Celje Castle (Slovenia)

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The ancient castle of Celje is located on a narrow rocky cliff above Celje. The original castle was built in the second half of the 12th century by the Counts of Vovberg from Carinthia who in 1322 had Celje and its surroundings in their hands until they were extinct. After a decade of battles, the castle passed into the hands of their heirs (1333), the lords of Žovnek, later the counts of Celje.

In the 13th century, still under the reign of the Counts of Vovberg, Celje began to flourish in all its splendor. Also in the following two centuries Celje played one of the most important roles in Central Europe, thanks to the lords of Žovnek of the Savinja valley, who inherited the property of the extinct accounts of Vovberg in 1322.

The transition of ownership into the hands of the Lords of Žovnek has meant an obvious turning point in the development of Celje. This was particularly felt after 1341, when the Lords of Žovnek were raised by the Counts by the German emperor Louis of Bavaria, and later could claim the title of Counts of Celje. The ambitious and successful family has impressed an indelible seal in the short period of its reign and at the same time constantly developed wealth, influence and power with skilful policies and speculative marriages. They climbed like a meteor.

With the accumulation of property in Slovenian, Croatian and Hungarian countries, they obtained the title of Principles of Zagorje (1397), civil governors of Croatia, Slavonia and Dalmatia (1407), Hungarian Barons (1430) and finally, in 1437 the state princes. Their daughters were married with descendants of prominent charlatan families in central Europe and the Balkans, e.g. Bosnian Kotromanići, Polish Piast and Jajelon, Serbian Brankovič. The most famous, slandered and also admired noblewoman of her time Barbara of Celje, the daughter of Count Herman II. he even married the German emperor and king of Hungary and Bohemia, Sigismund of Luxembourg.

The counts of Celje did not earn their reputation only for political competence, but also for heroism. Herman II. won the sympathy of the next German emperor Sigismund of Luxembourg in the battle against the Turks in Nikopolje in 1396, where he saved the emperor from certain death, from the depths of the Danube. It is also known as Herman II. won the famous duel with the hapsburg Duke Friderik, later emperor of Germany at the Constance tournament on Lake Constance. The knights' tournament in Constance was held in honor of the great ecclesiastical council, and it was then that Herman II. also helped Pope John XIII. escape from the city, where he was threatened by a conspiracy. Nowadays it is difficult to imagine the splendor that accompanied the Counts of Celje at every step of the way and we can only imagine the curiosity and perhaps even the envy in the eyes of the citizens and nobles of Constance while observing the arrival of Count Herman, his son Friderik II. and his son and brother-in-law Celje - the German emperor Sigismund of Luksemburg, accompanied by 300 horses and 400 wagons.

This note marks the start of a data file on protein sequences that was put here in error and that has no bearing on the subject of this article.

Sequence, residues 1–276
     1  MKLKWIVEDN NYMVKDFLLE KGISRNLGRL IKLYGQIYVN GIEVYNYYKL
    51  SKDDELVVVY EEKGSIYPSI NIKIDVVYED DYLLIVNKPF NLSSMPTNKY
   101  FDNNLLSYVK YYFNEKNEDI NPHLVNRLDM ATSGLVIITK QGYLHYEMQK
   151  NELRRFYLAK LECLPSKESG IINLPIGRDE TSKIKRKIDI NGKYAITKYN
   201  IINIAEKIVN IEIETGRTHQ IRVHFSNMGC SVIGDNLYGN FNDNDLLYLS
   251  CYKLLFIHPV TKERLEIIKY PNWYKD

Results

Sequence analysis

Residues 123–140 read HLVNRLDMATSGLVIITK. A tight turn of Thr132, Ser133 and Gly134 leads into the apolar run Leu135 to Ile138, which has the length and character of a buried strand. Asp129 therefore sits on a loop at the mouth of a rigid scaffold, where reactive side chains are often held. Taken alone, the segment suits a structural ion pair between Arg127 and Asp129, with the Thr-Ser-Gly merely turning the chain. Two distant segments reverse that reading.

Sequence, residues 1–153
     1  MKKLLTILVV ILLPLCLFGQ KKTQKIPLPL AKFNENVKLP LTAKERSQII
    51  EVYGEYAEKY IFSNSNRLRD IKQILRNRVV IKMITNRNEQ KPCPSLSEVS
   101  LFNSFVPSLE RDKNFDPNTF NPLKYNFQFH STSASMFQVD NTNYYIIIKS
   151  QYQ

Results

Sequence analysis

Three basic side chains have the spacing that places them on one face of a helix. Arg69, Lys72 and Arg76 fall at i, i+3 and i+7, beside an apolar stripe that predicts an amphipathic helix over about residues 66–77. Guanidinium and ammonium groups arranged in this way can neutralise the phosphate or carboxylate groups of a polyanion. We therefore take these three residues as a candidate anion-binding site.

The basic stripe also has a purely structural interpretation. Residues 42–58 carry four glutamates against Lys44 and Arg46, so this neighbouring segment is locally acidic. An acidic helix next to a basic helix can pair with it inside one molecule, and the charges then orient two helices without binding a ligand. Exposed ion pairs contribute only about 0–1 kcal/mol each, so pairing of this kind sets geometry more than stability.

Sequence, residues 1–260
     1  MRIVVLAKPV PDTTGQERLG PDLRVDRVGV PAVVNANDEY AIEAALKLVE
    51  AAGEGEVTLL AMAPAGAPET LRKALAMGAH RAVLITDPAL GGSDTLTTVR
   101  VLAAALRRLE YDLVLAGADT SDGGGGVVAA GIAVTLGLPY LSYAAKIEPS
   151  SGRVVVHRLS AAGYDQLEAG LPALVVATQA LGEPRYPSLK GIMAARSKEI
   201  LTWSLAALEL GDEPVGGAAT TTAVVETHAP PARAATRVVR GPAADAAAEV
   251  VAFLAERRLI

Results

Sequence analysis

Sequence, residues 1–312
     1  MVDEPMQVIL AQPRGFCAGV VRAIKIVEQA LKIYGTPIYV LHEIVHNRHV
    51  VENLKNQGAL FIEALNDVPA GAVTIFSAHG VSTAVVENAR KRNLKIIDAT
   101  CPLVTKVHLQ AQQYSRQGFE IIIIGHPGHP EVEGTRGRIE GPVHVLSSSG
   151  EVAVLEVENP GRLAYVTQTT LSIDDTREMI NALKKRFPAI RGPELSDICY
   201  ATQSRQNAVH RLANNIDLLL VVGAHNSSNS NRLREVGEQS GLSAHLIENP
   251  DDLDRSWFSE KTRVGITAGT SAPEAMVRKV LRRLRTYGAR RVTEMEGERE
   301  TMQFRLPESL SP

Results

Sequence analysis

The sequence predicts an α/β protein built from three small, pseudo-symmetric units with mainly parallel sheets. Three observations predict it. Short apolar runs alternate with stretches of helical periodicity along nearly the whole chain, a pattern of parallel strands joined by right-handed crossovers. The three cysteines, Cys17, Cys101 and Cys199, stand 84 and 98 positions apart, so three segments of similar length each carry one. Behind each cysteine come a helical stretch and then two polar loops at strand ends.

In the last period of the counts of Celje, at the time of Friderik II. and Ulrik, their power was also shown on the battlefield, especially against the powerful Habsburg family. Although Celje's principles formally had the same status in their Hapsburg competition, they did not want to recognize equality. Friderik III. of Habsburg wanted to issue an invoice for the social climbers that was the reason of the Celje-Habsburg Wars in 1443, which ended quite weak for the Habsburgs. The principles of Celje remained the state principles and stipulated a hereditary contract with the Habsburgs, which played an extremely important role after the extinction of the Celje Principles.

Very differently and for Celje actually fatally, Ulriks' interference in Hungary ended. In the battle for the Hungarian crown, which the Celje princes wished, they incised many enemies, especially among the Hungarian magnates, who organized a great conspiracy against Ulrik. In 1456, when the Crusader army defended Belgrade from the Turkish siege, the main enemy of the Counts of Celje, Hunjadi from Hungary insidiously killed Ulrik from Celje. Having no heirs, their ascent ended and in Celje, at the funeral of the last prince of Celje, a heartfelt call was heard: "Counts of Celje today and never again". Three yellow stars on the blue surface have become just a memory of an era that meant more to Celje and its history: a small city along the Savinja was not only an integral part of Central Europe, but also helped to form Central Europe mideival.

Later the castle became the property of regional princes and several keepers managed it. During the great peasant uprising of 1515 a rebel peasant sacked it, but it was restored in the second half of the 16th century. Later it lost its strategic significance and started to ruin itself. In the 17th century it remained homeless and in the 18th century the brick of the castle roof was used to repair the lower castle. The remaining useful building material was used by Count Gaisruck at the Novo Celje Mansion building. In the first half of the 19th century the owners used the castle as a quarry and only Count Wickenburg, who bought the ruins and gave them to the Styrian regional states, saved it from total destruction.

The castle's reconstruction efforts began after the foundation of the Celje Museum Society in 1882 and is still ongoing, as it has gradually returned to its original state over the past decade.

Images of the castle


Castles in Slovenia

Hrastovlje Church


Ljubljana Castle

Central Slovenia

Branik Castle

Litorale Slovenia

Predjamski Castle

Littoral–Inner Carniola

Kalec Castle

Inner Carniola

Otočec Castle

Lower Carniola

Useful infos

Latitude: 46.2198521
Longitude: 15.2716011
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See the images

Map of Celje Castle